Progressing Your Web Apps With Service Worker

By now, most Front End Devs will be aware of the idea of Progressive Web Apps (incidentally launched as a concept at the 2015 Code conference by keynote speaker Alex Russell).

The key enabling technology of “PWAs” is Service Worker, which brings offline capabilities, properly functional caching (sorry AppCache, it’s you, not me) and enables engaging new features like Web notifications, and the ability to add a Web app to the user’s homescreen.

So all this magic must be really complex to implement? Think again.

Marcos has been exploring offline web technologies offline, in a standards-based way, for a decade.

An early approach was W3C Widgets, which went on to become Cordova.

Another attempt was Firefox OS, but it didn’t pan out the way Mozilla hoped.

Out of that effort and the widgets standard, the service worker technology emerged.

The Web Platform Incubator Community Group also came about as a result of this work.

IE6 had 90% of the market, and its behaviour went on to become the default HTML standard.

The DOM influenced the creation of many APIs that were not very good, which led to setting some perimeters and giving those to developers to make their own APIs.

This in turn led to the Extensible Web Manifesto.

Service workers embody those principles: from simple things, you can build complex systems.

The architecture of the service worker is that you have normal JavaScript running on the main thread and you spin off another thread that runs once and then shuts down.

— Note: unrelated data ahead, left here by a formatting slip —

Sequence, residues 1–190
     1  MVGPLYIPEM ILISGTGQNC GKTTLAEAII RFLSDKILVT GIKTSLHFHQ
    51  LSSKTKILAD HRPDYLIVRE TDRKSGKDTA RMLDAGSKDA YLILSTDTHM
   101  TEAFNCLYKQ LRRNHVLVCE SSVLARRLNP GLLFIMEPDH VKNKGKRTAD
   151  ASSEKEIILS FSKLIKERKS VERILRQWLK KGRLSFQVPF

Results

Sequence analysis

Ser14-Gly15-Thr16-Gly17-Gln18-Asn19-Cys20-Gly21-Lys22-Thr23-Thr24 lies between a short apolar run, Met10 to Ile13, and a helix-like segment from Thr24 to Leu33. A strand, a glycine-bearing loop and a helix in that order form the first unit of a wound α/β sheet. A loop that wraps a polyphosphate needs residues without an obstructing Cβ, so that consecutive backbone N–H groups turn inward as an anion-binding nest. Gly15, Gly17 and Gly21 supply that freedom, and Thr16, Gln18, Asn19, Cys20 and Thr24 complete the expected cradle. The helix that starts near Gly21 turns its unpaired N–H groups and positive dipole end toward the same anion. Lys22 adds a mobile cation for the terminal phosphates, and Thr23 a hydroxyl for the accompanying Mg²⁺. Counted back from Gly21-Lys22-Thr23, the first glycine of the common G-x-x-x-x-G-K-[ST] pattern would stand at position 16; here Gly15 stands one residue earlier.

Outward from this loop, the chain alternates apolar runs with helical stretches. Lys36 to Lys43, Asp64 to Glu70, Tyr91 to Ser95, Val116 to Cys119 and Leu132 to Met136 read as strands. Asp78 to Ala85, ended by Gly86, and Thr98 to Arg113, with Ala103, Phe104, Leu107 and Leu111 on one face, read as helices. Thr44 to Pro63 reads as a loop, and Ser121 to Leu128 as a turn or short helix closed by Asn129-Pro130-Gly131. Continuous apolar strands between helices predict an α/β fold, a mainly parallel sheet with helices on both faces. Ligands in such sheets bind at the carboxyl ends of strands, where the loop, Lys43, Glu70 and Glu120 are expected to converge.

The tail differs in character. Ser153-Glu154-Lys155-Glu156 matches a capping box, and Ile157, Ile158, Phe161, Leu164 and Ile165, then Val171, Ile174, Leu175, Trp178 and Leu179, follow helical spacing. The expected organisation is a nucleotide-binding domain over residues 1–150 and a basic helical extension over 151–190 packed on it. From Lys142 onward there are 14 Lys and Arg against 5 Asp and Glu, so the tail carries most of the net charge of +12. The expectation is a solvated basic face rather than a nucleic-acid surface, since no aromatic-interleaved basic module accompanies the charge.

The service worker is really just a glorified event handler.

The life cycle of a service worker:

  • when you register, you get an Install event that lets you view cache, check for updates
  • when it wakes up, you get the Activated event
  • when the page tries to get something, Fetch is invoked, and you can manipulate that
  • for push notifications, you get a Push event and an object with a little bit of data
  • then background Sync is implemented in Chrome and on the way in Firefox

The registration object mirrors the life cycle, so you can register for Push notifications, and implement a Push Server, for example.

One weird trick is that most of the APIs are available on the Window object, which can remove some of the Service Worker setup pain and lets you get up and going.

The building blocks of the Service Worker include the Fetch API, Cache API, Notifications, Push API and more, which can be used on the Window object or the Service Worker.

A Fetch Request returns a Promise and that Promise has a Response, which you can work with.

The Request object takes a number of options that let you control what it does.

The Response object has a number of parts that give you information and let you take action.

All of the APIs involved are deliberately simple but powerful.

The Body mixin provides additional methods you can call.

This process addresses some of the hardest things in computer science, like cache invalidation, naming things and cache volatility.

Read the specs at wicg.io, or if you don’t like specs use community resources like MDN.

Go, make stuff!